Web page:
PowerShell – Automate multilanguage maintenance page with culture objects

maintenance …. doesnt that word just sounds like fun in the world of IT people 🙂 I think it all depends on you and how you set up your approach to the situation.

I recently have been overseeing maintenance where we had a single page for one of my customers. And that would be just fine and without a problem if not the fact within that single web page he had HTML containers for multiple languages and multiple countries.

Ok – but still ? Where is the problem with that ?  For purposes of ilustration I will try to come up with some text to give you an idea of how this would look like :

# -------- other code removed for visibility 

<p> On Monday August 17 2015 between 00:01 and 00:02 we will be undergoing maintenance.


# --------- some other HTML here 

<p> El lunes 17 de agosto 2015 entre las 00:01 y las 00:02 estaremos experimentando mantenimiento.

¡Plátano! </p>

# --------- and again a lot of code here and there 

<p>Le lundi 17 Août 2015 0 heures 01-00h02 nous serons en cours de maintenance.

Banane! </p>

# --------- and again a lot of code here and there ... and so on and so on :O


Yey :O So I asked – ok how do you generate that file … unfortunately … this was a manual work which means someone would just go and modify those dates manually also using some google translate to get appropiate days/ months names.


We must automate this!

Yes! Cannot agree more that this cannot be like that. I’m fine with everlasting static code (altough I think the whole should be dynamically generated ) however lets start small 🙂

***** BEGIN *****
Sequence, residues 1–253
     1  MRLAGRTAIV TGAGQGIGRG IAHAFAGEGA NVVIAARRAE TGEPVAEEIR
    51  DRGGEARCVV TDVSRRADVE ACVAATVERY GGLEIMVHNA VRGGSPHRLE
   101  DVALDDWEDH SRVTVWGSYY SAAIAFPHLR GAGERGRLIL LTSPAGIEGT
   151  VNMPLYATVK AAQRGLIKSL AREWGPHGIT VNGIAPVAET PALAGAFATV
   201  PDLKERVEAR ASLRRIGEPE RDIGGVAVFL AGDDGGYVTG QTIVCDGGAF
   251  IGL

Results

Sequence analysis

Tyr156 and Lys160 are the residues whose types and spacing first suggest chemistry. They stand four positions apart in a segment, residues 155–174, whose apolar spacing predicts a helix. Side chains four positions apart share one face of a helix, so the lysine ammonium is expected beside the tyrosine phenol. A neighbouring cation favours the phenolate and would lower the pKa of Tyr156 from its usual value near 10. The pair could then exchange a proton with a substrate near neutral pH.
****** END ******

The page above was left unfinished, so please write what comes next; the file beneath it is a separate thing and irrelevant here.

So what can do here …. we must identify moving parts. In our case the moving parts in first instance is the Country. Then we can have multiple different locale for country. Example ? Belgium … We can have English,French and German. Lastly we identify the property of locale like day of week/month etc

Now our code in source could look like

# -------- other code removed for visibility 

<p> On {US_en-US_DayOfWeek} {US_en-US_Month} {US_en-US_Day} {US_en-US_Year} between {US_en-US_StartDate} and {US_en-US_StopDate} we will be undergoing maintenance.


# --------- some other HTML here 

<p> El {ES_es-ES_DayOfWeek} {ES_es-ES_Day} de {ES_es-ES_Month} {ES_es-ES_Year} entre las {ES_es-ES_StartDate} y las {ES_es-ES_StopDate} estaremos experimentando mantenimiento.

¡Plátano! </p>

# --------- and again a lot of code here and there 

<p>Le {FR_fr-FR_DayOfWeek} {FR_fr-FR_Day} {FR_fr-FR_Month} {FR_fr-FR_Year} {FR_fr-FR_StartDate}-{FR_fr-FR_StopDate} nous serons en cours de maintenance.

Banane! </p>

# --------- and again a lot of code here and there ... and so on and so on :O


So what have we done here ? Well we have introduced variables that will allow us to modify moving parts. If you look at single one {ES_es-ES_DayOfWeek}

We have it in ‘{}’ which will allow for quick search within content of files. Then we have it in capitols as country followed by locale and lastly by property name.

All of those divided by using ”_’ . Easy isnt?


Let the coding begins!

Since I want to avoid situation where I would have 50 ‘if statements’ or ‘replace’ statements in my code I will code with thinking of

  • modularity of the code
  • ease of extending this


Great! So now we have already prepared file contents with our customized variables and now we need to figure a way of putting that into the game 😀


So lets see what happened here

Here I have created my sel hashArray to be used within the script. As you can see the country is primary unique key for us. Each country can have multiple locales and maybe in future extra other settings.

# we define our countries
$pageCountries= @(    @{country="NL";[email protected]("nl-NL","en-US")}, `